Sugars Turner, A Vintage Vignette

From HHC
Revision as of 08:00, 9 December 2012 by WikiSysop (Talk | contribs)
(diff) ← Older revision | Latest revision (diff) | Newer revision → (diff)
Jump to: navigation, search

Sugars Turner
A Vintage Vignette by John P. Rankin
May 19, 2008

When I was researching the family names represented on tombstones in Redstone Arsenal’s cemeteries, I often noticed references to Sugars Turner. He had no tombstone to be found on the arsenal, but he was apparently a prolific land speculator in the early history of the county. Because I couldn’t tie him to any particular community or cemetery, his family history did not become part of my research for many years. However, I was intrigued by the unusual name and his prominence in the county, so I planned to someday look into his lineage. That day came when the name Daniel B. Turner got my attention while researching the history of the 1800s Toney family, Triana residents that were involved with Madison. In my mind, Daniel Turner had to be a son or brother of Sugars.

Upon focusing my investigations toward the Turner families, I was disappointed that I never connected Daniel to Sugars. Yet, they were contemporaries here. Daniel was born in Virginia about the year 1800; Sugars was born in Virginia in the 1760s. Sugars was a plantation owner who lived in the southern part of the arsenal area, near Whitesburg. Daniel was a merchant and served as deputy sheriff before becoming sheriff in 1834. He lived in Huntsville among the more prominent men of the town. Sugars died here in 1836, and Daniel’s estate was probated in 1866, just after the Civil War. Nothing posted on connects Daniel to Sugars, nor is there any detail of Daniel’s lineage, not even a known father.

Sugars, however, is another story. The ancestry of Sugars has been traced through the Turner line into the 1500s, with some of the maternal branches traced into the 1100s. Sugars’ father John (1705-1796) married Priscilla Blunt. She was a daughter of Benjamin Blunt and Priscilla Sugars, so that was the source of his unusual given name. Both the Blunt and the Sugars lines have been traced back into the 1600s of Virginia. Sugars Turner’s siblings were Simon, Nancy Ann, William, James, Mary, John Blunt, and Thomas per postings. Data in the Family Files of the Huntsville Library’s Heritage Room says that Nancy Ann was Sugars’ daughter.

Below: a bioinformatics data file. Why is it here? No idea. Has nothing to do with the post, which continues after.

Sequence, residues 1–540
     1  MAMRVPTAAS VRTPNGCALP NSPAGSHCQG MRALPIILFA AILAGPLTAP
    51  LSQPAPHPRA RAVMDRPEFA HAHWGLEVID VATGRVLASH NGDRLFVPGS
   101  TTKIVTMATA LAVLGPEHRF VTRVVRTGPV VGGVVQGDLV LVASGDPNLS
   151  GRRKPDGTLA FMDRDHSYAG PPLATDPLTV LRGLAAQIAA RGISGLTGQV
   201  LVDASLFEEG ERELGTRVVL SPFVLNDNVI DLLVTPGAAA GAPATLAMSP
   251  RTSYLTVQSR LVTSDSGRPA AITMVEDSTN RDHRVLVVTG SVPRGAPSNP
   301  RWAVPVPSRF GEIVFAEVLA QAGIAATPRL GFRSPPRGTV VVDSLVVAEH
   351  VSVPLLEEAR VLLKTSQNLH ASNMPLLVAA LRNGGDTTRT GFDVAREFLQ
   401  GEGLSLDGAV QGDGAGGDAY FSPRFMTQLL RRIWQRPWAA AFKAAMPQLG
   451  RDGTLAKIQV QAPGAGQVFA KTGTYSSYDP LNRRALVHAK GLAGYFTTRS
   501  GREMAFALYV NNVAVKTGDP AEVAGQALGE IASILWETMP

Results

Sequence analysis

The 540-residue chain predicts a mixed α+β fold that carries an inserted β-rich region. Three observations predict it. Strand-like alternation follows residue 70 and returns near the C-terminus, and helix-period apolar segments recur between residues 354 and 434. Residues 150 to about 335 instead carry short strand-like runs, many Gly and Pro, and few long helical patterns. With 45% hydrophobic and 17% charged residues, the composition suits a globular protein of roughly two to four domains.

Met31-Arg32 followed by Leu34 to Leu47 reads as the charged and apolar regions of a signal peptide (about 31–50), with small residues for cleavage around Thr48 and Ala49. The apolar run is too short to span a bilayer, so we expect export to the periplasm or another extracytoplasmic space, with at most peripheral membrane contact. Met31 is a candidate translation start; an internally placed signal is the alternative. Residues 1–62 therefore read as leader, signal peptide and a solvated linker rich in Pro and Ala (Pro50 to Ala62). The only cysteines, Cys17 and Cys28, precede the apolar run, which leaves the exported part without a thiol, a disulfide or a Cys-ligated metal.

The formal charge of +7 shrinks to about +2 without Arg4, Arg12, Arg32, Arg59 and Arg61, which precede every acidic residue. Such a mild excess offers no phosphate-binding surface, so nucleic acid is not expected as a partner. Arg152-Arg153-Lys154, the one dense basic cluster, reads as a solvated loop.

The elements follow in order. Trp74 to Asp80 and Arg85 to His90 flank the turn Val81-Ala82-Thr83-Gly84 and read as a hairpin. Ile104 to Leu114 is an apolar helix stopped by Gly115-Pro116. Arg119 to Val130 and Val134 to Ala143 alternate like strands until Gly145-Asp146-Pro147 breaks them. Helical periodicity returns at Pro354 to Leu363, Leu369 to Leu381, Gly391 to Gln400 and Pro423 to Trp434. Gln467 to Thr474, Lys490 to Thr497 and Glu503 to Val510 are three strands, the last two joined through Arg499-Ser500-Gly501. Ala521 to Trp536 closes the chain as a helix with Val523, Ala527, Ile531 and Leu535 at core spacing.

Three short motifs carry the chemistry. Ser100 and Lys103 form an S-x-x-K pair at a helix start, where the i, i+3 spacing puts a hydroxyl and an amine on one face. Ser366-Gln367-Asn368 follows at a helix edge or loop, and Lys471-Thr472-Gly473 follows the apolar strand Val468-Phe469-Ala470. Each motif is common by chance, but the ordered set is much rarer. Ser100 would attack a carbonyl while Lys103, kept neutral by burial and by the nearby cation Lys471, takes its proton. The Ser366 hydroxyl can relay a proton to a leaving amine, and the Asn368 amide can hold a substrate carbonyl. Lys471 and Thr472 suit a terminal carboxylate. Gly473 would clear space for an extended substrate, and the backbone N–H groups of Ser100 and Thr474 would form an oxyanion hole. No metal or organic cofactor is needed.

Sugars married Rebecca Deloney (possibly connected to Dr. Isaac F. Deloney of old Madison) in 1804 in Virginia. She died in 1824 in Madison County. Sugars’ estate papers of 1836 involved Ransom Fowlkes (of the local cemetery off Capshaw Road) and Samuel Ward (of the “mountain” behind the Space and Rocket Center) as commissioners to divide his lands among his heirs. The estate papers plus data list his 8 children as William Henry, Frances Ann Sugars, John Sugars, Mary Blunt, Elizabeth Blunt, Sarah, Louisa M., and Harriet Rebecca. While several of his children married into Madison-area families, it was his daughter Elizabeth that most strongly tied Sugars to the town’s history. Elizabeth Turner married Richard Moore in 1818. He died in 1825 in Limestone County, after they had a child, Rebecca J. Moore. Elizabeth then married Benjamin Fox in 1825, and she married Archelaus Bradley in 1827. Rebecca J. Moore married Edward Fletcher, a brother of Madison’s Civil War physician Richard Matthew Fletcher. Rebecca and Edward had a child named Lucy (“Lutie”) Fletcher, who married Robert Emmett Wiggins, a pioneer and historian of the town.

Vintage Vignettes have previously been published about Robert Wiggins and Richard Fletcher. However, there is another connection of the Sugars Turner family to Wall-Triana Highway, which runs through Madison. Sugars’ sister Mary married James Wall. One of their sons was Alexander Gray Wall (1793-1835), who had plantations near the Tennessee River. He married Mary Cooper. Some of their descendants owned land to the north, and thus the road derived its name as connecting the Triana area to the Wall family holding in the northwestern Madison County area.

Personal tools